Archive for April, 2013


April 12, 2013

Over the years we have covered the distressing difference between how mutual funds’ perform and the poorer results investors in those same funds get. We call it the underperformance gap. It’s not just fees, trading costs and taxes that explain the difference: a huge factor is investor behavior.

The moral to this story is: if you can’t take the heat, stay out of the kitchen and before you invest make sure a fund’s personality matches your own.


Ken Heebner: Bullish on Banking

April 12, 2013

On this week’s CONSUELO MACK WEALTHTRACK, legendary portfolio manager Ken Heebner is known for his big bets and rapid trading at the CGM funds . This week he describes his contrarian views on the U.S. economy and stocks, particularly housing and banking, and why he thinks bonds are so dangerous. Continue Reading »

Ken Heebner Transcript 4/12/2013 #942

April 12, 2013

CONSUELO MACK: This week on WEALTHTRACK, extreme investing with Great Investor, Ken Heebner. Capital Growth Management’s legendary portfolio manager has reached performance peaks and plunged to valley lows over the years. What investments is he scaling now? Find out next on Consuelo Mack WEALTHTRACK.


Hello and welcome to this edition of WEALTHTRACK, I’m Consuelo Mack. The bulls are back. U.S. equity funds posted their biggest quarterly inflows in nine years in the first three months of this year. According to TrimTabs Investment Research, $52 billion flowed into U.S. stock mutual funds and ETFs. To put that into context, investors withdrew a total of $87 billion from U.S. stock funds in all of last year. But the renewed interest comes with a twist. Investors are favoring exchange traded funds, the bulk of which represent passive index funds over the mostly actively managed mutual funds.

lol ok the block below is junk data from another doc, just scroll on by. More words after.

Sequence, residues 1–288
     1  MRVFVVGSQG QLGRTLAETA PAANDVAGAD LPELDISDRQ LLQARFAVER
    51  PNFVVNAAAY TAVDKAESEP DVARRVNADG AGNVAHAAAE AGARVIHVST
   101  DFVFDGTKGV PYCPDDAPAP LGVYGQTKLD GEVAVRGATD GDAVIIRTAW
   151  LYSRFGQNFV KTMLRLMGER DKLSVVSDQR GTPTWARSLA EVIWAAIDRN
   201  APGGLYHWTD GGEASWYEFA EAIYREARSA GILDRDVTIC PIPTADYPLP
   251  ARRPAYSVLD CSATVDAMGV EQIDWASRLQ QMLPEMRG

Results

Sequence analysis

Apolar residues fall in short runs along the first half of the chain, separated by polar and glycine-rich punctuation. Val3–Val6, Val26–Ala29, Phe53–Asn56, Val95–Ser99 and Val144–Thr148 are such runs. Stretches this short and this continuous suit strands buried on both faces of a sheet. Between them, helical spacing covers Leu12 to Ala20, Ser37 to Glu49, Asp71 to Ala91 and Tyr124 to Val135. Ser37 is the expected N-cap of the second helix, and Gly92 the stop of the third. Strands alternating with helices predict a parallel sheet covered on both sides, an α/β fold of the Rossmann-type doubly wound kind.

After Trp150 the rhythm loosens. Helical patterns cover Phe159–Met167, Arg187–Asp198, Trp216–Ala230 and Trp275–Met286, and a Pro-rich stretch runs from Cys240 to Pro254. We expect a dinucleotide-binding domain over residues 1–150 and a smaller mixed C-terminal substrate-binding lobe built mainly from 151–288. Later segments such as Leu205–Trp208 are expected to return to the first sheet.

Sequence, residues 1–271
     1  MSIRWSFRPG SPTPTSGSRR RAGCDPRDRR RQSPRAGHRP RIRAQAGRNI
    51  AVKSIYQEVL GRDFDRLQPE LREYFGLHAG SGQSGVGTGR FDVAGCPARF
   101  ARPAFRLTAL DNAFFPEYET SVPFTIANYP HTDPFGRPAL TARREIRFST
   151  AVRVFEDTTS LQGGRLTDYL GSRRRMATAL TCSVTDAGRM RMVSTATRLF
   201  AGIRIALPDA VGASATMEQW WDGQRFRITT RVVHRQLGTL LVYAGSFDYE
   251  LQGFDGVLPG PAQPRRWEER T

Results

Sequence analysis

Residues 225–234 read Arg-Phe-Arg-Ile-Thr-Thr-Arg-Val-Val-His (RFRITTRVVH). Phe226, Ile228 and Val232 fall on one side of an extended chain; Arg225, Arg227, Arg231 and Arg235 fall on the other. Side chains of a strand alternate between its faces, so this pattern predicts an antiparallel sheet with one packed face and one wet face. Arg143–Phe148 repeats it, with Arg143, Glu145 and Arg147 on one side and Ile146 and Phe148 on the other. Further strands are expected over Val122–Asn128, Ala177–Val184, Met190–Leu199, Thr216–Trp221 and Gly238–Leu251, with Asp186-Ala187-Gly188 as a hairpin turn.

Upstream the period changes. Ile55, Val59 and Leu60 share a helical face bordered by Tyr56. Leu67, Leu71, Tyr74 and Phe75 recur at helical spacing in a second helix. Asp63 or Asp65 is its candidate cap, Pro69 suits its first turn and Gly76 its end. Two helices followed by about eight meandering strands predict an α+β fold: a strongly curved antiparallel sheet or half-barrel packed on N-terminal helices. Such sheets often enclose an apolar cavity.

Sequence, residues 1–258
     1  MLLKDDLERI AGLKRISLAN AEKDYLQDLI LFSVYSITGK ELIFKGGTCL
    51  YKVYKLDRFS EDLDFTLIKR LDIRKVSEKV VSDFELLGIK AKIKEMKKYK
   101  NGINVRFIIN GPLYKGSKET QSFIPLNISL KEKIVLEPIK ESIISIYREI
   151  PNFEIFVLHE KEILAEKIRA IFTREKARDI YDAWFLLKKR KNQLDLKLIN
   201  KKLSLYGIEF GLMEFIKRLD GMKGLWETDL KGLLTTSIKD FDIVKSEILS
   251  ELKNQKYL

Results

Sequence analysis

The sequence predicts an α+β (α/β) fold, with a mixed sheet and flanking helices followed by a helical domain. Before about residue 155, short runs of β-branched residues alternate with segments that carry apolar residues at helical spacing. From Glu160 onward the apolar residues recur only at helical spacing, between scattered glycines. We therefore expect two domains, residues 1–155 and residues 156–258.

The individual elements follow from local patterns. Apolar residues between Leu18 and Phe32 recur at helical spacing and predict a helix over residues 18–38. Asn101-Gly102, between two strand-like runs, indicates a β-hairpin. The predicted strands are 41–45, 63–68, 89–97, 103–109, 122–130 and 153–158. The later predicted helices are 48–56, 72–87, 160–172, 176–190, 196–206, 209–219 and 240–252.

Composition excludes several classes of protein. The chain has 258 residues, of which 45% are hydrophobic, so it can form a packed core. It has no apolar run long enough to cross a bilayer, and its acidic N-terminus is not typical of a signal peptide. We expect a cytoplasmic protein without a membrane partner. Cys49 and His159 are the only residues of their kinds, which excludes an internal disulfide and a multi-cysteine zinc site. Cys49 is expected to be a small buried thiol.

Over the past year, U.S. equity ETFs saw $80 billion in net inflows, while U.S. stock mutual funds experienced outflows of $120 billion! Investors are voting against active managers because they’ve done so poorly over the last decade. According to InvestmentNews, only 38% of large cap managers beat the S&P 500 over the last ten years, only 31% beat the market over the last five years, and only 18% did so in the past three years. And a tiny 9% of large cap managers beat the market in all three periods.


This week’s guest is a legendary and active mutual fund manager. He is Ken Heebner, co-founder and portfolio manager at Capital Growth Management where he runs three mutual funds: CGM Mutual, Realty, and Focus. Heebner is known for his concentrated holdings, aggressive bets, high turnover, and extreme performance, both on the upside and downside. He reached rock star status among investment professionals with CGM Focus, which was the number one U.S. stock mutual fund for the decade ending in 2007. A dramatic decline in 2008 and a subsequent five year underperformance has caused an investor exodus, but his 10 and 15 year track records are far superior to the markets, and put him in the top one percent of his peers. He won’t discuss his funds specifically, but he has strong views on the markets and investing. I began the interview by asking him why he believes this is an exceptional opportunity for investing in U.S. stocks.